That was the theory, anyway, when I arrived from Fort Lauderdale on July 22 and showed the device to U.S. Army escorts. They’re from the Kentucky and Indiana National Guard and work as Army journalists writing stories and press releases and taking pictures for the prison staff newsletter, The Wire.
Given our parallel professions they reacted just as I expected — they were psyched. They stared at the device. They tried it out. We were inside a wooden shed built in a dilapidated aircraft hangar, far from anything remotely sensitive. So they clowned around for the camera.
It was downhill from there. Army Lt. Col. Samuel House, acting public affairs director, said the command staff was suspicious and forbade me from taking it anywhere near the detention center zone, a decision I hope they’ll revisit in the future. - Carl Rosenberg, Miami Herald
- Expecting privacy with email providers is extremely naive
- Wednesday, August 14 2013 @ 10:19 AM EDT
- That's why if you actually care about your privacy, the solution to this situation is to get out of the system, trust yourself, and build your own email server.
Whether it be an Exchange instance, a Postfix configuration, or a Sendmail setup, it's the only way to be sure that your information is not being read, sold onward, or crunched in some massively large big data project. - Chris Duckett, ZDNet
- Microsoft Security Advisory: Update for deprecation of MD5 hashing algorithm for Microsoft root
- Wednesday, August 14 2013 @ 10:14 AM EDT
- The referenced change for February 2014 that is discussed in Advisory 2862973 applies only to certificates that are used for the following:
Other certificate usages of the MD5 signature hash algorithm will not be blocked.
As for code signing, we will allow for signed binaries that were signed before March 2009 to continue to work, even if the signing cert used MD5 signature hash algorithm. - Microsoft
- Apple Inc. Would Be in Trouble With or Without Steve Jobs
- Wednesday, August 14 2013 @ 10:10 AM EDT
- It seems that manufacturers and developers, not just Apple, are at a bit of a loss as to where to take the smartphone industry that doesn't involve a better camera or a longer-lasting battery.
That's not to say there's a shortage of pretty innovative software features, but they're coming almost exclusively from six miles north of Cupertino.
In its mad dash to out-innovate Apple, Google has surpassed the tech giant not only in market share, but also in app store downloads and software that's as impressive as it is essential. At this point, many of the best apps on an iPhone come courtesy of Google: Gmail, Google Now, Google Maps, Google Chrome, Google Drive, and others are arguably better than iOS's default offerings. And the polish that Mountain View has given its Android OS has been noticeably popping up in various iterations of iOS. (Control Center, anyone?)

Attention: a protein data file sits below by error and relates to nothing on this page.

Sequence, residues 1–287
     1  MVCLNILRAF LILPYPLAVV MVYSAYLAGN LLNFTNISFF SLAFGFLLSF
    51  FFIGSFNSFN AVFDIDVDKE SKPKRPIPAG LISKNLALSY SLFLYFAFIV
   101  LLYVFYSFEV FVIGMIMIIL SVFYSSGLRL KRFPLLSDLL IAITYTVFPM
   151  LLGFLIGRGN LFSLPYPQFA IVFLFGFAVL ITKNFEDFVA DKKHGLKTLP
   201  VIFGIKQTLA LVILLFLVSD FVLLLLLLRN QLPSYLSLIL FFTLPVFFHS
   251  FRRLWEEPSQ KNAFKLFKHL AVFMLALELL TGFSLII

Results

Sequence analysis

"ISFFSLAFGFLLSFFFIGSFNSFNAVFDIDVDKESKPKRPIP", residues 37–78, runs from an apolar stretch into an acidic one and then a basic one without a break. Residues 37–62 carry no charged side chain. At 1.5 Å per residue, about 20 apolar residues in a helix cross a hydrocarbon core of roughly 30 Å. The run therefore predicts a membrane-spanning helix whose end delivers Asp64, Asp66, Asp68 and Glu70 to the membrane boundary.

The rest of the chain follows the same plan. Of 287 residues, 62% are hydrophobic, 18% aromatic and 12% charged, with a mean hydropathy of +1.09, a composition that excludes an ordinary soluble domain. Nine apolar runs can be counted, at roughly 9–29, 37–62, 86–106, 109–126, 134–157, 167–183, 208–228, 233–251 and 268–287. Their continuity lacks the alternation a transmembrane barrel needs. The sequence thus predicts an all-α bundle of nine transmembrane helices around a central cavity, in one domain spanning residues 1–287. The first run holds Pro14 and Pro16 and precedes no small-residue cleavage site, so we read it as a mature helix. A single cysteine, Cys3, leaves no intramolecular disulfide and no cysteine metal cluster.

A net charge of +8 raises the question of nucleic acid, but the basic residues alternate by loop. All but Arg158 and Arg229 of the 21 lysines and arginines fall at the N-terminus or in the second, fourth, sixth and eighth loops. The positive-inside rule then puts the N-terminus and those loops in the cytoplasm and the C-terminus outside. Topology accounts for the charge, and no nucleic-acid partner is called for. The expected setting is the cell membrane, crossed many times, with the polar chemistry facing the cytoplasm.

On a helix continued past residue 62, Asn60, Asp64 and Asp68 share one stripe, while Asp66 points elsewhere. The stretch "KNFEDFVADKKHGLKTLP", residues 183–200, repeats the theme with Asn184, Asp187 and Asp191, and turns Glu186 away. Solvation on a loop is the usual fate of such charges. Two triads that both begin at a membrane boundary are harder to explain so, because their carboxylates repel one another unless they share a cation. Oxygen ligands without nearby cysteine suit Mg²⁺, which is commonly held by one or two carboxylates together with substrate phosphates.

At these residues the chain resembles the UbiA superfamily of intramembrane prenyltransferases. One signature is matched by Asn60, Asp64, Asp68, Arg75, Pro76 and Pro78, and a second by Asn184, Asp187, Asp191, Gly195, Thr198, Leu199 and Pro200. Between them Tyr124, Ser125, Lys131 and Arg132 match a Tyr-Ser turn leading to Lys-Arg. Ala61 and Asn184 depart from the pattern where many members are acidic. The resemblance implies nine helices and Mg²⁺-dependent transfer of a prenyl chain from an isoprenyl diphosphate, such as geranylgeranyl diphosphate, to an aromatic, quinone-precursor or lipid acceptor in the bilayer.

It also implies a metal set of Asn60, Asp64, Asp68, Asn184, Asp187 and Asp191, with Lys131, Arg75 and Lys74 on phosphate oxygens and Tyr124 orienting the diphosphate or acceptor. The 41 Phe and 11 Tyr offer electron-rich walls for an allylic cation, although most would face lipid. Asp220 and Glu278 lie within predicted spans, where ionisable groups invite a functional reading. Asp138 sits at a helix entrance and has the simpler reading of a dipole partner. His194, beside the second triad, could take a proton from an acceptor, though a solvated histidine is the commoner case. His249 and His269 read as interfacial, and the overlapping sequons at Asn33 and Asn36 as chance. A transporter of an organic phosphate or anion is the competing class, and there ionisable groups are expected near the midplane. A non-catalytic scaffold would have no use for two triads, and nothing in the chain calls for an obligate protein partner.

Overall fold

And that's to say nothing about Google Glass or Chromecast.
Google has taken the market-leading reins and made Apple look less innovative than we know it can be.
[PJ: Incidentally, this is why the FairSearch complaint to the EU Commission about bundling is so silly. Of *course* you find Google apps on Android phones. People want the best, and this article states clearly that the best apps are from Google.] - Mike Schuster, Minyanville
- Investors sue Microsoft over Surface tablet
- Wednesday, August 14 2013 @ 08:43 AM EDT
- Among other allegations, the suit says Microsoft had already amassed a large excess of Surface RT inventory by March 31, the end of its fiscal third quarter, but had not told investors about it....
“What Defendants knew, but failed to disclose to investors ... was that Microsoft’s foray into the tablet market was an unmitigated disaster, which left it with a large accumulation of excess, overvalued Surface RT inventory,” the
lawsuit says [PDF]. - Janet I. Tu, Seattle Times
- The Problem With the Administration “White Paper” on the Telephony Metadata Program
- Wednesday, August 14 2013 @ 08:33 AM EDT
- On Friday, the Obama Administration released a “white paper” articulating its case for the legality of the NSA call records program under Section 215 of the Patriot Act and under the Fourth Amendment. I found the “white paper” a somewhat frustrating read, as it is essentially a brief for the government’s side with no brief coming to oppose it. Although the white paper raises some interesting points, it also fails to confront counterarguments and address contrary caselaw. - Orin Kerr, Volokh Conspiracy
- Larry Ellison pessimistic about Apple’s future, shows disdain for Google’s evil ways
- Tuesday, August 13 2013 @ 11:25 PM EDT